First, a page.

From ideas for sustainable farming to creating home libraries – the top Social Stories of the week

This week, SocialStory witnessed many inspiring stories - from sustainable farming to not letting visual impairment be a stumbling block.

From ideas for sustainable farming to creating home libraries – the top Social Stories of the week

Saturday December 05, 2020,

4 min Read

Sustainable gardening is seeing great demand around the country, even among apartment spaces. Punjab officer Vipesh Garg is a huge advocate of this and his farm stands as testimony to it, as he employs self-sustaining practices to build a mini forest.


However, farming in general sees lesser participation from women, especially in areas like Hazaribagh, Jharkhand. To improve this, Corteva Agriscience and PRADAN are working to empower women in this field of agriculture.


This week, Social Story witnessed stories of creating sustainability, determination and empowerment.


Here are the top Social Stories of the week:

Punjab officer's organic farm teaching people about sustainable farming

Vipesh garg

One of the sessions by Vipesh

Since 2019, Vipesh Garg has been building his own mini farm in his hometown, where he grows a wide variety of organic produce on a 100 square metre plot of land. These include over 100 types of organically-grown flowers, fruits, vegetables and medicinal herbs/plants.


What is interesting is that he practises various sustainable methods that include mulching, organic in-situ composting, seed saving, soil regeneration, bio-enzyme preparation, and others.


Vipesh is also on a mission to actively help other farmers make their own bioenzymes and products to create their own sustainable farms. He organises workshops for those interested in organic farming. In addition, he also takes classes for students in Mansa, Punjab as a part of his job as a Horticulture Development Officer.

Women from Hazaribagh who are sparking a green revolution in India

women farmers

A women farmer working on the field

Small-scale farmers dominate many districts of India; one of them is Hazaribagh in Jharkhand, which houses one of India’s two Indian Agricultural Research Institute (IARI). However, as farming became increasingly untenable, the region witnessed significant migration with male members of the family moving to cities in search of jobs, while women took care of family and crops back home. 

This led PRADAN, a non-profit organisation working towards eradicating endemic poverty in rural India, and Corteva Agriscience, to initiate a project titled, “Empowering women through Financial Inclusion and Direct Seeded Rice (DSR) cultivation in Jharkhand and Bihar.”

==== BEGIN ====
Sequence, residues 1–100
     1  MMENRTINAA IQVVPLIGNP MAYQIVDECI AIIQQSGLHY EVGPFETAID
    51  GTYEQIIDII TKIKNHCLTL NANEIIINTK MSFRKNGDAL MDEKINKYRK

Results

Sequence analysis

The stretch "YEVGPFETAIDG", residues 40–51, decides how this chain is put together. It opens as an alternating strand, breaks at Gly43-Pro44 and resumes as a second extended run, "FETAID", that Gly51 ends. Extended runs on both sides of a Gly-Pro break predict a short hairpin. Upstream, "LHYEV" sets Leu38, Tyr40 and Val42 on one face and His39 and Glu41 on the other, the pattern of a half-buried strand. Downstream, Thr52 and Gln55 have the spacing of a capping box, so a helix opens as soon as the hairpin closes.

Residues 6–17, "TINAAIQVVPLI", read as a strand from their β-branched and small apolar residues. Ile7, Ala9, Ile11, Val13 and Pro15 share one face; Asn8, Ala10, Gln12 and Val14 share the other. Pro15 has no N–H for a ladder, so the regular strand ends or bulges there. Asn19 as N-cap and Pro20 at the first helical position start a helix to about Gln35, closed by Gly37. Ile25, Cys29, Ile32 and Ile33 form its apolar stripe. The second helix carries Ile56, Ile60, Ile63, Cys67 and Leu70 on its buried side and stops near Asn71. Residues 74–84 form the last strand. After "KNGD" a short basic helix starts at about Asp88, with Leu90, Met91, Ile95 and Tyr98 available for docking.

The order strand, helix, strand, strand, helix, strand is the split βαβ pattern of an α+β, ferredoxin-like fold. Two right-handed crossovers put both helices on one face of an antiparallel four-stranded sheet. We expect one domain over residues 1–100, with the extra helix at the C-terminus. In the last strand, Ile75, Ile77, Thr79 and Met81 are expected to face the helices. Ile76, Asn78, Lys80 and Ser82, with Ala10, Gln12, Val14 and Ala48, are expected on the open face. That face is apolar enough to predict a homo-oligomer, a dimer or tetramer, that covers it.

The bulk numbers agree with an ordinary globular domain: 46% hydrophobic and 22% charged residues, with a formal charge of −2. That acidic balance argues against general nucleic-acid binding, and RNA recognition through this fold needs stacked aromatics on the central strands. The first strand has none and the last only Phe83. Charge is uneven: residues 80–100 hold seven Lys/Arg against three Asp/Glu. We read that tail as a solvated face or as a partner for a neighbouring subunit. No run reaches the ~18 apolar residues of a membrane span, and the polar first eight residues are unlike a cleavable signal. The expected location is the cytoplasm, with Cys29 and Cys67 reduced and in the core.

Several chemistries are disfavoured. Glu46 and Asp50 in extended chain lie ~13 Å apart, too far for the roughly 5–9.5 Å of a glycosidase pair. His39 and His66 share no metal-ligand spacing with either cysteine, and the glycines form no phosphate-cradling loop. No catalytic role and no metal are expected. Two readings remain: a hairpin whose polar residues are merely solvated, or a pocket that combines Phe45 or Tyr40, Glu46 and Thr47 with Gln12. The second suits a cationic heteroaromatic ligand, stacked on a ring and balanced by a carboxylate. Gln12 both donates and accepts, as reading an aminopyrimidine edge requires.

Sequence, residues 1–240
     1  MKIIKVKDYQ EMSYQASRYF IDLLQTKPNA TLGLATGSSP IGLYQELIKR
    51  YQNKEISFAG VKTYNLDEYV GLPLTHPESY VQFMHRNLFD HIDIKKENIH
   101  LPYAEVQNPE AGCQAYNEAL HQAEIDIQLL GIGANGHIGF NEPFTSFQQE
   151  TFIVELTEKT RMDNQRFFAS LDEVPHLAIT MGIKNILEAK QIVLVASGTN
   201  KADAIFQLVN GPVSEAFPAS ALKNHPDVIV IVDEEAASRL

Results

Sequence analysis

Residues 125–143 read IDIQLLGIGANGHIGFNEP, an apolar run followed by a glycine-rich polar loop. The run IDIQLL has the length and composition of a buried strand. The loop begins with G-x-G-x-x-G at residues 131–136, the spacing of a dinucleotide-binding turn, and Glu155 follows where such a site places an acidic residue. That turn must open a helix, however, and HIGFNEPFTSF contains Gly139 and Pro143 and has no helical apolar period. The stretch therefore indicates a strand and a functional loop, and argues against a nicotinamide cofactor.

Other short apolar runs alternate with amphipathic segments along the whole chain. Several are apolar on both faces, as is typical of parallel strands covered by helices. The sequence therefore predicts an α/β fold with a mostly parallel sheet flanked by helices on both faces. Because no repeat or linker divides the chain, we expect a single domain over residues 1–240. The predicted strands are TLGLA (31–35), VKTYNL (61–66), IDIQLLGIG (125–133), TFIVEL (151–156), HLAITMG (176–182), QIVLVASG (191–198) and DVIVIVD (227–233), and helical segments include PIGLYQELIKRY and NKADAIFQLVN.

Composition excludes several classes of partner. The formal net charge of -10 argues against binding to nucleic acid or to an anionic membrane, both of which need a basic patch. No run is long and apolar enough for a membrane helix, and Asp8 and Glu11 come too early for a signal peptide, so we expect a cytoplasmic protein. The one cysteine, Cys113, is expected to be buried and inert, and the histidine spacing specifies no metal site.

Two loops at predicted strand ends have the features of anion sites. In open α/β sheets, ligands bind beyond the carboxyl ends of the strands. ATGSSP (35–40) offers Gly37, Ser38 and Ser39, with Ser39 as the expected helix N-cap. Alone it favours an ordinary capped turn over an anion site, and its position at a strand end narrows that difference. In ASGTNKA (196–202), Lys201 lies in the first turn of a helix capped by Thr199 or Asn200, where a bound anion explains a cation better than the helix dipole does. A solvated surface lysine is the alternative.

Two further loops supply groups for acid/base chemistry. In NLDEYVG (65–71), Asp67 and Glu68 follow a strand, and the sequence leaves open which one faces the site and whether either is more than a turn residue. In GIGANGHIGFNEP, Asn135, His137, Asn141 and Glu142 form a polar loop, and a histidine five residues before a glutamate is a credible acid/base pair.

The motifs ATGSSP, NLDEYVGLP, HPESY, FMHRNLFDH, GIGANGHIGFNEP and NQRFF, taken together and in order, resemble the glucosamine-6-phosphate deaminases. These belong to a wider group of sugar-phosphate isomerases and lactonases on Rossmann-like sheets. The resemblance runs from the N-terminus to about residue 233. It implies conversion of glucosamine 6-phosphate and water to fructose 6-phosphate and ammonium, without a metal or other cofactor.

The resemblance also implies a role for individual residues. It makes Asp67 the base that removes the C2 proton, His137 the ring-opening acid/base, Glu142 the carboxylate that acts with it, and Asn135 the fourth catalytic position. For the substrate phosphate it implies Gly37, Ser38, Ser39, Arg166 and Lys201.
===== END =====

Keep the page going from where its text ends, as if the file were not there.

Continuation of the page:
The programme has helped 10 women agripreneurs in Hazaribagh to earn an additional Rs 5,000 – Rs 8,000 per season by centrally raising seedlings of tomato, brinjal, and chilli.

Delhi-based Udayan Care helped over 30,000 children and women through its initiatives

Udayan Care - Care Leavers

Care Leavers from Germany with University of Hildesheim pay a visit to Udayan Care in India

With adoption rates being abysmally low in the country, NGOs and care homes are looking to provide an alternative care system to take care for vulnerable children and youth. One such NGO is Udayan Care. Founded in 1994 as a public charitable trust by Dr Kiran Modi, Delhi-based Udayan Care works to empower vulnerable children, women, and youth in 27 cities across 15 states of India.


Starting with just one small ghar (group home) for children without parental care in Delhi in 1996, it has now established 17 group homes and two aftercare programmes to support the disadvantaged groups. The charity is also enabling higher education to over 9,000 girls in about 21 cities of India, providing vocational training and livelihood programmes, and enabling 16,000 youth for employability.

Meet the visually-impaired judo champion who dreams of winning an Olympic medal

Sightsavers

Visually-impaired women training at a judo camp organised by Sightsavers India

Hailing from Hoshangabad, Madhya Pradesh, Sarita has been blind from birth and is one of six siblings. Her father is a labourer. An athlete since childhood, in 2017, she took part in a camp organised by the NGO Sightsavers India, to train blind judoists.

Overcoming the challenges, she won her first bronze medal at the 6th National Blind and Para Judo Championships in 2018 in the 44 kg junior category. This motivated her to take part in trials in Gorakhpur in the same year, where she got selected to play for the country. In 2019, she represented India and won bronze at the Commonwealth Judo Championship for the visually-impaired in Birmingham, UK.

Tata Trusts’ Parag Initiative that has sparked the creation of home libraries by children in Yadgir

Home Libraries - Nhina Begum

Nhina Begum's home library

Yadgir is among the districts that the Central government is focusing on for developmental issues. Its literacy rate of only 51.8% is lower than India’s least literate state (Bihar at 63.8%).


In order to improve the poor literacy rate, Tata Trusts’ Parag Initiative set up 100 vibrant and active school libraries in Yadgir district. Through storytelling, book activities, community events and open access, the initiative has inspired a love for reading among many children.


Moreover, this also branched out into home libraries with about 24 children in the village setting up their own libraries in their homes. These children have also given access to their books to neighbours, but with proper practice of hygiene norms during the pandemic.


Edited by Anju Narayanan